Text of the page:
Below is the text of the speech made by Harriet Harman, the Labour MP for Camberwell and Peckham, at Lloyds of London on 13 May 2016.
Thank you so much for letting me come and talk to you today about women at work and the European Union.
You work here in the financial services industry, an industry which is crucially important to the economy of this country and for the employment of women.
Financial services generate over £126 billion for our economy every year and half a million women work in it. Not just here in London but in Leeds, Edinburgh, Bristol and throughout the country.
The work that you do in financial services powers that industry and provides the income for hundreds of thousands of households.
Your work is important to this sector and I know that it’s also important to you and your family. The fact of the matter is that there are few households, and no regions and no sectors which could manage without women’s work. Our work is vital to household budgets and to our economy. The workforce is now women and men. But despite that we are still not equal at work or at home. We’ve made great strides at work, and you can see that with women’s earning power increasing. But the higher up you get in any workplace the fewer women there are. And there is still not equal sharing of family responsibilities – whether it be for bringing up children or caring for the elderly or disabled. Though men are doing more at home, in the overwhelming majority of households, the responsibility still rests firmly with women.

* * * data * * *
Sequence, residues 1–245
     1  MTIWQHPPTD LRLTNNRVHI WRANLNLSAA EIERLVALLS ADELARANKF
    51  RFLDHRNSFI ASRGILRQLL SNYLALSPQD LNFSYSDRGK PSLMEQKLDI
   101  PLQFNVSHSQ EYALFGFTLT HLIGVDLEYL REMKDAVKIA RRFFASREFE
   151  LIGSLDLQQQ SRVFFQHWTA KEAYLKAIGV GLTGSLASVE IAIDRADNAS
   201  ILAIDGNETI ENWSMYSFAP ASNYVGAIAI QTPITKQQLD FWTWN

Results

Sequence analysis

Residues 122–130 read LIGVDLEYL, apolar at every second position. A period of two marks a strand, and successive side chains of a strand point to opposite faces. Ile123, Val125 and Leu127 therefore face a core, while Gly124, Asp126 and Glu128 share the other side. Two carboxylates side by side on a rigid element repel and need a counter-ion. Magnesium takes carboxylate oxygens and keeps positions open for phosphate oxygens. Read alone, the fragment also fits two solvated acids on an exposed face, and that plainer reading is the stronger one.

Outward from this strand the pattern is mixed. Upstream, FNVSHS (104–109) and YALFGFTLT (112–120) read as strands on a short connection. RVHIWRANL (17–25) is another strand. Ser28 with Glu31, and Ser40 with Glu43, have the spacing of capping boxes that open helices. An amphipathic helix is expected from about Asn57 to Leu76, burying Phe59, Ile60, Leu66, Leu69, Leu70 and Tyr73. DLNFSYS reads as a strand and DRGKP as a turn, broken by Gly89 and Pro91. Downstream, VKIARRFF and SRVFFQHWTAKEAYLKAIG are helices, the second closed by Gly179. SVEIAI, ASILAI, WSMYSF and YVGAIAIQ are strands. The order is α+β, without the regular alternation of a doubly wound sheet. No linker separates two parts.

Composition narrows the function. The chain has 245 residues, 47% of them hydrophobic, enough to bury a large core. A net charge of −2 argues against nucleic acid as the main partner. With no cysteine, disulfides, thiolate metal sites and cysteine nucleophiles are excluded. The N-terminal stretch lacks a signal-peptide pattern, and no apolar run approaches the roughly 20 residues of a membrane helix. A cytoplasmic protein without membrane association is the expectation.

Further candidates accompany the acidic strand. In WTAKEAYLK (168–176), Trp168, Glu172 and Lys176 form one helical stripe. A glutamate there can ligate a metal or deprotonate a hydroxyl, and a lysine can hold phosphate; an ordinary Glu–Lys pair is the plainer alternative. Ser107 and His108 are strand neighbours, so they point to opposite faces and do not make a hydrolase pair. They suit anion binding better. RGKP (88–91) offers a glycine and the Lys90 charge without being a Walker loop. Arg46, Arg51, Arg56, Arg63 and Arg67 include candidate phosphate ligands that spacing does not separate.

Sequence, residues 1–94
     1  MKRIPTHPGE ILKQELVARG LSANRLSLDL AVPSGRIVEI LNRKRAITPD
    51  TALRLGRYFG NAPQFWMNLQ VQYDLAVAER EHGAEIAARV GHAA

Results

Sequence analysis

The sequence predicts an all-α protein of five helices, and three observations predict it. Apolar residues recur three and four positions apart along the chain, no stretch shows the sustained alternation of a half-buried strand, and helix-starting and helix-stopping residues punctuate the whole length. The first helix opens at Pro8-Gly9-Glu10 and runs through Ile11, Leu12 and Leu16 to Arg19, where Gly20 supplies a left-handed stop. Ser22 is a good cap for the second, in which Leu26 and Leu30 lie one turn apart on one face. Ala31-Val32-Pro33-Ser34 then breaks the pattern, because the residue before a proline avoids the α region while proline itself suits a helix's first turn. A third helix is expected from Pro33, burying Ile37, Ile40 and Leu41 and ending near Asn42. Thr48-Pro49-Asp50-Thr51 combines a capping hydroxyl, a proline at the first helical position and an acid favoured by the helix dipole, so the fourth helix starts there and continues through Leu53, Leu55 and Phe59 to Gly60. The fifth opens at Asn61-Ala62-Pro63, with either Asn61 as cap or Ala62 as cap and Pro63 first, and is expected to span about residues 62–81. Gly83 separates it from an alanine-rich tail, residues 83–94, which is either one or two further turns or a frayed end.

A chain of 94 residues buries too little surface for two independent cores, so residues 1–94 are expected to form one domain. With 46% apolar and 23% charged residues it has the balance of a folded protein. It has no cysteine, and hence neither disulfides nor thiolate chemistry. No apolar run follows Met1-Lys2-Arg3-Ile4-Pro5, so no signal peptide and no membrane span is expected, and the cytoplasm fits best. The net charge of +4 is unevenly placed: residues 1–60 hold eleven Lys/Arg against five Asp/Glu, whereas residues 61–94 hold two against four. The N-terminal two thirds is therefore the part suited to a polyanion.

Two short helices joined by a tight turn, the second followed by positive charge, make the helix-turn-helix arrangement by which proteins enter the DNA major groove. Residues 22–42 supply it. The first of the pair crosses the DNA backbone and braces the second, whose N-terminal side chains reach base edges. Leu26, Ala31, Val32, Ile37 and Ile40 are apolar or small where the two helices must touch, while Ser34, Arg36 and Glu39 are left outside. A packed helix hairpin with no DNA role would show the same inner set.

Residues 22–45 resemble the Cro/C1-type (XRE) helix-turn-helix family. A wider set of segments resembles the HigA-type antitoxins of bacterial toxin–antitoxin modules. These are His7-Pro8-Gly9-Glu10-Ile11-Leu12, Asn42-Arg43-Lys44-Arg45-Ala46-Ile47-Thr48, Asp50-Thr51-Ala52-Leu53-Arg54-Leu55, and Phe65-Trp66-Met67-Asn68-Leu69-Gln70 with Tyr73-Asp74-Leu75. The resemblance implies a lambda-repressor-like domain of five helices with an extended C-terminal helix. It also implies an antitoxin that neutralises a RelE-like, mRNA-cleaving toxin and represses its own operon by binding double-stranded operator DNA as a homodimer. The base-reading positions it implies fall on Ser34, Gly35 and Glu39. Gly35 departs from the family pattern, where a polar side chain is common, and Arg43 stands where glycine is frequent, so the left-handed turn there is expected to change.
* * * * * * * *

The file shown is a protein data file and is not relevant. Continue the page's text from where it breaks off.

So the rights and protections that we have at work remain important- the right to be paid equally, not to be discriminated against, not to be harassed, not to be oppressed because you’re a part-timer, a right to return to work after having a baby, to have a right to take time off to go to ante-natal appointments, the right for fathers to have time off when their children are young.